Free scoring, but till when?

By : Fernando Duarte

You are forgiven if you are excited. The 2014 World Cup started with a bang: the first round was the most free-scoring since 1954 and there have been surprisingly spectacular results such as Holland’s demolition of world champions Spain. But as we approach the beginning of the second round of group games it is quite tempting to wonder how long the free spirit we have seen so far will be in place.

The reason is simple: while the first round offered enough incentives for more risky behavior, the second could nudge teams into protecting their gains and being more conservative. After their “surprise” 3-1 win over Uruguay, Costa Rica are not under massive pressure to throw themselves against Italy. The Central Americans had a very decent qualifying campaign, finishing only behind the US in the search for a place in the World Cup and their brand of fast football was too much for an Uruguay team that at certain point in the South American qualifiers risked missing out on the tournament.

Even Holland don’t need to rush against Australia, as much as the win over Spain has fired them up. That was a strange game and the scoreline reflected much more Spain’s psychological meltdown than anything else. After another bad season for Barcelona, the team whose style has been guiding La Furia for the last few years, it was always likely that Spain would not have a walk in the park. Now Xavi, Iniesta and Co. are in deep trouble and will face a Chile side fancying their chances of at least keeping them at bay. The Chileans, no matter how attacking they have been so far, can exploit Spain’s desperation. Holland should be able to deal with Australia, no matter their weird record against them — zero wins in three friendless. They understandably have become the darlings of the tournament after the 5-1 win but even some Dutch players looked quite baffled by the result at Salvador. Having switched to a 5-3-2 formation just a month ahead of the World Cup, manager Louis Van Gaal faced a public outcry for apparently renouncing Holland’s commitment to attacking football to focus instead on breaking down Spain’s rhythm. It worked beyond his wildest dreams.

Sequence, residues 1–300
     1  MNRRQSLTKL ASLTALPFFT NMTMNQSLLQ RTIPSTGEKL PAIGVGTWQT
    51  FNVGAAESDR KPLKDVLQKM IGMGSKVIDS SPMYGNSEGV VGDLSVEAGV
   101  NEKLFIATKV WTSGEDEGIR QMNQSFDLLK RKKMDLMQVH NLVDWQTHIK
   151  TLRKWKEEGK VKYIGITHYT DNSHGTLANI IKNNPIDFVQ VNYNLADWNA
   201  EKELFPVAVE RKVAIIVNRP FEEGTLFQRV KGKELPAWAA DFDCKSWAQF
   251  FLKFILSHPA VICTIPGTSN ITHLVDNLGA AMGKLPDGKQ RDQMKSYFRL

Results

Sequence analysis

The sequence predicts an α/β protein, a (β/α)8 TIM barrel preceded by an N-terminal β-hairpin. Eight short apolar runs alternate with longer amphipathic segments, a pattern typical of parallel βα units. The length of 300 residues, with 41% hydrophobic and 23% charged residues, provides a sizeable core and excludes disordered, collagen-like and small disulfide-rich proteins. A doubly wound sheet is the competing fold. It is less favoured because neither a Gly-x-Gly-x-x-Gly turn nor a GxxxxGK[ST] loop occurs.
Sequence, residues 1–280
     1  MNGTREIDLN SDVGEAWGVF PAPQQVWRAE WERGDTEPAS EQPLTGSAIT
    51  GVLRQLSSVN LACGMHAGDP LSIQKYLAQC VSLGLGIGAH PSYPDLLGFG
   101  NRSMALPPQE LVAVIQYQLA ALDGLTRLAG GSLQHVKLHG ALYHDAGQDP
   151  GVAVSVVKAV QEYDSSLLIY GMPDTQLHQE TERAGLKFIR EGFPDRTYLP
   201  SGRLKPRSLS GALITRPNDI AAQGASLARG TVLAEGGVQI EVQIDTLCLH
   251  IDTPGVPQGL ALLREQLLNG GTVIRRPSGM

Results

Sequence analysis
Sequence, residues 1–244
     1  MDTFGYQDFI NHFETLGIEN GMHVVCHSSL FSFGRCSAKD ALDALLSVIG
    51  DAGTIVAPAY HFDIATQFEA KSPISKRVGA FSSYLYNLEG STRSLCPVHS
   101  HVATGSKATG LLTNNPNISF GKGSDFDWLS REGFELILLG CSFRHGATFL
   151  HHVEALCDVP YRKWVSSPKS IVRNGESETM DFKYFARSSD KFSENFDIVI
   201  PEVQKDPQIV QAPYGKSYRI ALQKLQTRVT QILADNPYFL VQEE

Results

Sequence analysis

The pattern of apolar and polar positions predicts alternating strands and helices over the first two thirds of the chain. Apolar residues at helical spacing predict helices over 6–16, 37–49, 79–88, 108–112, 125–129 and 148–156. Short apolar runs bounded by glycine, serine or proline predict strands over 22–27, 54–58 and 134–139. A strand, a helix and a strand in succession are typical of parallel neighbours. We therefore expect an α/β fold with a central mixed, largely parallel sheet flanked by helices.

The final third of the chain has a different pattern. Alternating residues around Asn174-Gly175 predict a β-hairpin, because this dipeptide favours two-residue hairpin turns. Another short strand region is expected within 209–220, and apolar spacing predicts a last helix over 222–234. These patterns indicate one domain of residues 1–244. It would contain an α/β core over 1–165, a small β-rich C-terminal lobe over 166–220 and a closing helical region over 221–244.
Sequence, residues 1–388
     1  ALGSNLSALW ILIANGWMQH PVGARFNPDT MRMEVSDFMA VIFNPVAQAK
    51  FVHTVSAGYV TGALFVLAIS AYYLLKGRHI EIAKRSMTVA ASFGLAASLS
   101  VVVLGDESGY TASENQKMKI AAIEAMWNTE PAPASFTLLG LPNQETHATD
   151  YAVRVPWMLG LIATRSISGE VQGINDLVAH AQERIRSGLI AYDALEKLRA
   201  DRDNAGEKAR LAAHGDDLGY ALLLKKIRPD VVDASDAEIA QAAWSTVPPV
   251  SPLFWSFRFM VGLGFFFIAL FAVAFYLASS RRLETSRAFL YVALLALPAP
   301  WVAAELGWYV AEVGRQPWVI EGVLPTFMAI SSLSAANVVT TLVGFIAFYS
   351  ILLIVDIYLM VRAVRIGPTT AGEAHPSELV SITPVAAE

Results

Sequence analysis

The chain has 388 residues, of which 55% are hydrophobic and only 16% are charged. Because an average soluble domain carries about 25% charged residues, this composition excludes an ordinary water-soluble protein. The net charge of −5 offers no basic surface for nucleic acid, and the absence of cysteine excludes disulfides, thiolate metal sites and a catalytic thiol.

Argentina, after a lukewarm display against Bosnia, now have two reasonably uncomplicated games against Iran and Nigeria, two opponents that are highly unlikely to do anything else than park the bus against Lionel Messi and his friends. Bosnia gave Argentina a good game, having benefited from Alessandro Sabella’s quite peculiar decision to line-up in a 3-5-2 formation that made things difficult for Messi. In the first 45 minutes the Barcelona man looked isolated and easier to be closed down thanks also to the Bosnian manager’s decision to assign several players to look after Messi rather than having close quarters men marking. Messi did not look comfortable but things improved considerably when Sabella reverted to a 4-3-3 plan and it was no coincidence that the four-time Balon D’Or winner found more space and even scored a beauty of a goal in an individual moment. That the goal was only Messi’s second in 9 World Cup games goes to show how complicated his relationship with this tournament still is.

Hosts Brazil went through a rollercoaster of emotions against Croatia in the opening match. Playing at home in front of a packed stadium singing the national anthem a capella clearly affected the players emotionally and they were caught up by a very determined Croatian side. Concentration wasn’t at the highest level when Ivica Olic exploited the well-known gap Dani Alves leaves when going forward. It took Thiago Silva a fraction of a second too much to close down the aisle and that allowed Olic to whip in a cross that Marcelo ended up deflecting to his own net. Brazil’s reaction was much more thanks to Neymar and Oscar’s individual efforts than a to proper collective display. The Seleção were also dominated in the second half and failed to produce the same tenacity they had in abundance at last year’s Confederations Cup — it worrying to see Brazil’s midfield duo Paulinho and Luiz Gustavo without the same coordination of last year. They were also very lucky to get the softest of penalties at a time Croatia had been the best team on the pitch.

Italy did their job against England in a very professional way although they know a draw would be the fairer result for what the English did in the first half. With Raheem Sterling not fazed at all by his World Cup debut, Roy Hodgson’s team created very decent chances and put the Azzurri under pressure. Then came Pirlo’s dummy and England looked a bit naïve to have given Italy so much space. They bounced back remarkably with Sturridge but one couldn’t help thinking that England would not be able to sustain that pace throughout 90 minutes in humid and warm conditions in Manaus. It proved to be the case and Italy had the last laugh but by no means Sterling and Co. should put their heads down.

It just means that England vs. Uruguay has everything to be one of the most exciting games of this World Cup. Uruguay cannot afford to bet everything in their last round duel with Italy and England certainly need some cushion for what could be a very tough battle with a Costa Rica side that has proved to be much more than the group linchpins. Interesting days….

 

 



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